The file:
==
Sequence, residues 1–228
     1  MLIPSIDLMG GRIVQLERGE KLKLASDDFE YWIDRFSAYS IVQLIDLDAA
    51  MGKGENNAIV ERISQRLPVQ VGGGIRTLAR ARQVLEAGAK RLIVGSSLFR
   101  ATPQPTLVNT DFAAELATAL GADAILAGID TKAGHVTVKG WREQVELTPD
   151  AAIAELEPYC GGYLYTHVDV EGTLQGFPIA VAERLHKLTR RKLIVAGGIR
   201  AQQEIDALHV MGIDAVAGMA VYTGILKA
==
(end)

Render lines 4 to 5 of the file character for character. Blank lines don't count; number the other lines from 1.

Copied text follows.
   101  ATPQPTLVNT DFAAELATAL GADAILAGID TKAGHVTVKG WREQVELTPD
   151  AAIAELEPYC GGYLYTHVDV EGTLQGFPIA VAERLHKLTR RKLIVAGGIR